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Tuesday, 21 October 2014

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Top level talks demand after Workington schools put in special measures

The failure of two of the three secondary schools in Workington has been coming for years according to a senior Allerdale councillor.

Mark Fryer photo
Mark Fryer

Related: Ofsted puts senior schools in same town into special measures

Councillor Mark Fryer has demanded top level talks over the future of Stainburn School and Southfield Technology College.

Workington MP Sir Tony Cunningham is also hoping to meet with Stewart Young and Diane Wood, the leader and chief executive of Cumbria County Council following the authority’s decision to propose to close the schools, which are both expected to be placed in special measures following damning Ofsted reports.

Cumbria County Council has already written to parents of pupils at both schools to reveal that inspectors found standards of education to be “inadequate”.

The authority plans to use new powers to shut down the schools and replace them with a new single academy.

The state of education in Workington was raised at an Allerdale Council meeting last night.

Mr Fryer, who has three children who attended Stainburn School and two yet to enter the secondary education system, said: “It’s a building block of our community. We are sitting here today with two schools failing which is absolutely abhorrent.

“Without good education we get poor health, poor job prospects and a poor future unless we look to rallying together as a council and putting some demands down to the county council, the headteachers within these schools and the government.”

He added: “Look at those 750-1,000 children in these schools. If it was 1,000 jobs I think everybody in this room would be standing up and saying what a disgrace it was. It’s about the future of this town and the whole economy.

“I have always been a supporter of the local schools in my own town. Today’s a pretty desperate day when we have got two schools that are failing.

“This hasn’t just come in the last fortnight. It’s been coming for the last three or four years, maybe more. We can play a part in making sure the parents and more importantly the children are not let down.”

He called on council leader Alan Smith to meet with those involved in the schools and their future.

Councillor Celia Tibble criticised the government for scrapping the Building Schools for the Future programme, under which Workington had been promised money for a new school to replace Stainburn and Southfield. She added: “If they hadn’t taken away the funding when we were well down the way we’d have been two years away from opening a brand new school in Workington.”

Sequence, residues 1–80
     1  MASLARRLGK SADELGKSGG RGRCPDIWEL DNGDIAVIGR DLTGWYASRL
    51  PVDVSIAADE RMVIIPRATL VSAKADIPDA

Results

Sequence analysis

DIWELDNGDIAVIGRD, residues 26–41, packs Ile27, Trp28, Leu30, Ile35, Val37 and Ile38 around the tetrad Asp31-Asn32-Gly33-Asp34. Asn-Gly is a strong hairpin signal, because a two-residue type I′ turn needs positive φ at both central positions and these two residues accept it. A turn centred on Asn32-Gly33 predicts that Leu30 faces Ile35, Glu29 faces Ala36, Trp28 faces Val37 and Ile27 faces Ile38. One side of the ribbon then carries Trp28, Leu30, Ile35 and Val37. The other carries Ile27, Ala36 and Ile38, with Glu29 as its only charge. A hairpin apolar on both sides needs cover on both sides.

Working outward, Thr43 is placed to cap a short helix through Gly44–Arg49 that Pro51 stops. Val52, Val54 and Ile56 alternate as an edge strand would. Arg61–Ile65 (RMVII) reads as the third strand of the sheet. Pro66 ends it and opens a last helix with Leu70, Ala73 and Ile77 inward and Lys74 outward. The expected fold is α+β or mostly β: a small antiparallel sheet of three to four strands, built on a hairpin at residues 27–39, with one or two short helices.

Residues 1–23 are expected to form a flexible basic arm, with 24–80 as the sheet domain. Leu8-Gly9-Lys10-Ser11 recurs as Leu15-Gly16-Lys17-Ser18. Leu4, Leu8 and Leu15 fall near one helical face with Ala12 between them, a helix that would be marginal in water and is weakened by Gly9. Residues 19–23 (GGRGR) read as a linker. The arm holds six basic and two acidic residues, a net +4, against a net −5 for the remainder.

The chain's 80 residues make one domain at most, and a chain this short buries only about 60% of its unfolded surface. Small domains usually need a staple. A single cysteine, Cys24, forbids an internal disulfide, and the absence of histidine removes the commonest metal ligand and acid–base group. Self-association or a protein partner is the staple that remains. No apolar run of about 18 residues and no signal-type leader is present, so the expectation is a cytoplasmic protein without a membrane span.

Mr Smith said the council would arrange a meeting as soon as possible with the county council and anybody else involved in the situation.

Elsewhere, MP Sir Tony Cunningham, a former teacher, said: “In my view it is idealogically driven with Ofsted going into schools, moving them into bad reports and driving them into the academy system.

“The Government have an ambition to create as many academies as possible and this is one way of doing it.”

He added: “We are not in the position we’d like to be in but we’ve got to make the best of the circumstances so I’d urge parents to get involved in the consultations that are being launched. I’ve always found the schools to be very good and have very committed teams of staff. I’ve been quite open of my praise of the two schools and the work they do.”

The Government is backing the county council’s shock proposals that could formally close the two schools and see a new sponsor move in to create the town’s first academy.

A spokeswoman at the Department for Education said: “Both Stainburn and Southfield schools applied to convert to academy status but, in the light of the recent Ofsted inadequate judgements, we believe the best way forward is for Cumbria County Council to seek closure of both schools and run a competitive process to set up a single academy under the leadership of a strong sponsor.”

Potential sponsors can be high-performing schools, further education colleges, sixth form colleges, universities, businesses and entrepreneurs, educational foundations, charities and philanthropists or faith communities.

Following the council’s initial six-week consultation period, it will then decide whether to formally publish statutory proposals to close the two schools before a date to shut them is agreed. A decision on a new sponsor will be taken by the Education Secretary.

If closure is agreed, the existing schools would close in December and a new academy open next January. It would operate over two sites until a new purpose-built campus, most likely at Stainburn, has been built.

Workington’s three secondary schools were among a number of county schools inspected by Ofsted in a blitz before Christmas. Inspectors, in an Ofsted report published recently, stated St Joseph’s Catholic High School ‘requires improvement’.

The county council’s initial six-week consultation on proposed closure of the two schools starts on Monday. Details will be found at www.cumbria.gov.uk/haveyoursay.

Have your say

It is during our darkest moments that we must focus to see the light.

Posted by concerned and confused on 24 January 2014 at 10:24

It is during our darkest moments that we must focus to see the light.

Posted by concerned and confused on 24 January 2014 at 10:21

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